"The work of childhood is play and this is the foundation of creativity."
Artist Jane Hammond on the childhood activities formed the foundation of her identity as an artist.
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Great artists make artists. And to prove that point, over 70 of today's greatest have contributed their work in support of Children's Museum of the Arts' Emergency Arts Education Fund, establishing utterly ambitious art programs in New York City schools that need them most.
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Below, meet auction artist Jane Hammond.
Jane as a young artist
Do you have a favorite memory of making artwork as a child?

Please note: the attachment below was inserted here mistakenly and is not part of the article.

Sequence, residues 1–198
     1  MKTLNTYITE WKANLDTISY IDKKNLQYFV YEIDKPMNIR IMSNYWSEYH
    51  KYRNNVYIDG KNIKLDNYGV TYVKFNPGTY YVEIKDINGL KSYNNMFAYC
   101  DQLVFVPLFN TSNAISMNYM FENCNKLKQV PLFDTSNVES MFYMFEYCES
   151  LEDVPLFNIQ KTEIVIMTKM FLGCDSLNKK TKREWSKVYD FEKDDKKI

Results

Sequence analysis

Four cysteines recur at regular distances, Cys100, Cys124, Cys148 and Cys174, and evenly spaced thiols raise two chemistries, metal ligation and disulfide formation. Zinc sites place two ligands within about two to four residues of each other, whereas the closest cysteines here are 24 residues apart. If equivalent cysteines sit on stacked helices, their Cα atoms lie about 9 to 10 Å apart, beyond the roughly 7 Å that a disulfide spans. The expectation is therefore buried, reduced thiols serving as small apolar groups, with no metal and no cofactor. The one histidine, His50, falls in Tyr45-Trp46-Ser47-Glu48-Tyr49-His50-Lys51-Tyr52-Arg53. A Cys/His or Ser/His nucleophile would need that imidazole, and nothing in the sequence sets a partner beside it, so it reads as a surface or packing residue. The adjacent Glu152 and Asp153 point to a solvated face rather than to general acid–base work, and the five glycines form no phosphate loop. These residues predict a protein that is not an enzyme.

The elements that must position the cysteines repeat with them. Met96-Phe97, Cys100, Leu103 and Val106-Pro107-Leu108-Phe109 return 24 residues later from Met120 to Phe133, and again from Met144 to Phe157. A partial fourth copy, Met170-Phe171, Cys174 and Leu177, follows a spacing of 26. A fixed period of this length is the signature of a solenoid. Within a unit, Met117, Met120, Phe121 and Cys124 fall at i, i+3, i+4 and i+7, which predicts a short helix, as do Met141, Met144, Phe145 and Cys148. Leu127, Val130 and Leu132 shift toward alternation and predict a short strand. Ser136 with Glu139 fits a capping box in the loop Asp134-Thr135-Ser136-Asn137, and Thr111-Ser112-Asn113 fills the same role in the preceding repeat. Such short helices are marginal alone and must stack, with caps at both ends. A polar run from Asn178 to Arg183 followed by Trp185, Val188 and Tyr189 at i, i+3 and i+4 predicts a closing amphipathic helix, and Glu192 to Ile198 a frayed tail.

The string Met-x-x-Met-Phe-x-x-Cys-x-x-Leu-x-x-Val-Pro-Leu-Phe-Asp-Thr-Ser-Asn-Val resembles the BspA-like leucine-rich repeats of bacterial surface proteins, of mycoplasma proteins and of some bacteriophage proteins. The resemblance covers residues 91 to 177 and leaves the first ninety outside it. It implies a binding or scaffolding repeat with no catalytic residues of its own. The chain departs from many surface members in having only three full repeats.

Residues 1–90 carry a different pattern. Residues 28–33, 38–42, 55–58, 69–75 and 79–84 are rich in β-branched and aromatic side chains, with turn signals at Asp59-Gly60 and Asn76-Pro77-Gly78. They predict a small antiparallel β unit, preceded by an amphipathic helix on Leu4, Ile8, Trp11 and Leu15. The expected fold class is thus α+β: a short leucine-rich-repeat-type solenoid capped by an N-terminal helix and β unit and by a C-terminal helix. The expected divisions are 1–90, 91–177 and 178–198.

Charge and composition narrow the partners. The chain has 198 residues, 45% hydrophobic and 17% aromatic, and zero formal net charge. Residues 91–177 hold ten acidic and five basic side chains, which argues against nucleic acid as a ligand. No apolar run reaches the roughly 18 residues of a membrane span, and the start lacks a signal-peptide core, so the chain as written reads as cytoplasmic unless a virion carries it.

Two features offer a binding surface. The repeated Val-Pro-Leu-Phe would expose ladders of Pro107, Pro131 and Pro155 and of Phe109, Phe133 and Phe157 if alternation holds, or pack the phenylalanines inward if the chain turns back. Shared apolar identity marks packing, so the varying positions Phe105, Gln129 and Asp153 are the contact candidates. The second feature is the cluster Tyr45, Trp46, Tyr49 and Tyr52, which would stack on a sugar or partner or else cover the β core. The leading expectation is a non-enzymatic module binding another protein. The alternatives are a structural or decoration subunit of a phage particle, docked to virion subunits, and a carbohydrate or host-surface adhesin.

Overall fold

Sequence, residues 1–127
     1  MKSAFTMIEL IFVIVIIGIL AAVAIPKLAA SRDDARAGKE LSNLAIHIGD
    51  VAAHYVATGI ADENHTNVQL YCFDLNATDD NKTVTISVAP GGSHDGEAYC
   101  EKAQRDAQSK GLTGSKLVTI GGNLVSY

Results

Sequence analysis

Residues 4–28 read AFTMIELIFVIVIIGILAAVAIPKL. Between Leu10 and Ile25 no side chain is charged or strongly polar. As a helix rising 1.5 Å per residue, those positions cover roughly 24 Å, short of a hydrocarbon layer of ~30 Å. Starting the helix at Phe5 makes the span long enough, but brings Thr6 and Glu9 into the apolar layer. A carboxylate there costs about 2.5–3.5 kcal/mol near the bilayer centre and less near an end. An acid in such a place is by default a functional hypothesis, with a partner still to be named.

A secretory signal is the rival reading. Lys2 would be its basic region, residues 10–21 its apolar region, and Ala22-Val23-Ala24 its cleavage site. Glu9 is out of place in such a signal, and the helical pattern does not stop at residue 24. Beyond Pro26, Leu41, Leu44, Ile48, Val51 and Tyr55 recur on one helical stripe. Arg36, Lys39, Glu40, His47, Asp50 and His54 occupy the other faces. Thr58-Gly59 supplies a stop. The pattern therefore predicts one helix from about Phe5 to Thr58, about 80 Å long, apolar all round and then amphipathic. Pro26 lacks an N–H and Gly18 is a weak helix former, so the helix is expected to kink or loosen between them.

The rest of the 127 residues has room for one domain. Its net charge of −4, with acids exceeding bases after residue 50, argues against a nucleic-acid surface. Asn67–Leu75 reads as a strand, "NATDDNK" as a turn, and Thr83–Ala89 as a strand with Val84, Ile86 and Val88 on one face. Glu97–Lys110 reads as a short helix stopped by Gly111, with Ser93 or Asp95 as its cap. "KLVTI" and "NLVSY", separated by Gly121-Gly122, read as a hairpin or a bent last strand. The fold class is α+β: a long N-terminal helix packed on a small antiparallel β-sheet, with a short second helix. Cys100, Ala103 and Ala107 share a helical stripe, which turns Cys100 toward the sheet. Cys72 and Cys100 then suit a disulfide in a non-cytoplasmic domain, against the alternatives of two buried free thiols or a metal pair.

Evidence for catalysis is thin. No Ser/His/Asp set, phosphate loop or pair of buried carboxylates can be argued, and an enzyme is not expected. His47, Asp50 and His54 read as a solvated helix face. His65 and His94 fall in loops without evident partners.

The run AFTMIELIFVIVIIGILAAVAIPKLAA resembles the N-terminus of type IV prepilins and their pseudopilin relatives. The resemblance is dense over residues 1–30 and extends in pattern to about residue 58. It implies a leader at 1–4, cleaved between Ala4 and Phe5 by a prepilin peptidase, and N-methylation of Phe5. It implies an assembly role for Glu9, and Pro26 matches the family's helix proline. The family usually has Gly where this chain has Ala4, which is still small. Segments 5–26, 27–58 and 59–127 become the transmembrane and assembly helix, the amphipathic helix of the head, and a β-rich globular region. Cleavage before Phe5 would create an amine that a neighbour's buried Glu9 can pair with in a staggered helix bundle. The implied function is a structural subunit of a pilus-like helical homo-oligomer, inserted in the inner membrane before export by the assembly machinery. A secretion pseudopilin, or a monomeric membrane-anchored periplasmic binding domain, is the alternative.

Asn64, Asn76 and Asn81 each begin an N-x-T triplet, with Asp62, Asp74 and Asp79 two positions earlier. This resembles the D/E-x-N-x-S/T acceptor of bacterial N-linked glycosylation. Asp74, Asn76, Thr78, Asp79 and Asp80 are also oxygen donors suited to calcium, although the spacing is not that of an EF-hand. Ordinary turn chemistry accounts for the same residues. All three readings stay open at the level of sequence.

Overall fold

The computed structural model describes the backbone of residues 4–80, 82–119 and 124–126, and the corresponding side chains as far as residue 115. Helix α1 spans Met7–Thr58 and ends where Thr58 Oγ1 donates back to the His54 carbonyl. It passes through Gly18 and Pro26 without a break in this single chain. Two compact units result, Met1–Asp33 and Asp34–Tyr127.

Many of my childhood activities formed the foundation of my identity as an artist, even though some of those activities didn’t immediately look like art. Or maybe one could say they looked more like contemporary art than traditional art.
When I was about ten I got a bunch of string and went into the woods and outlined a square of about 30 feet in each dimension. I had a ruler, a pencil, a magnifying glass, and a notebook I had made with paper and a stapler. I gave myself the job of identifying everything I could find within this grid and recording it in the notebook. There were lists of bugs and worms and ferns and trees and leaves. The goal was to inventory what was there and kind of dive into it.
I don’t remember making anything inside the grid. Though I have a strong memory of another time collecting milkweed pods with a bit of their attached stem, painting the pods to look like birds and the stems to be their beaks. I filled pails with water and positioned them to be drinking in a circle.
I think that the work of childhood is play and this is the foundation of creativity.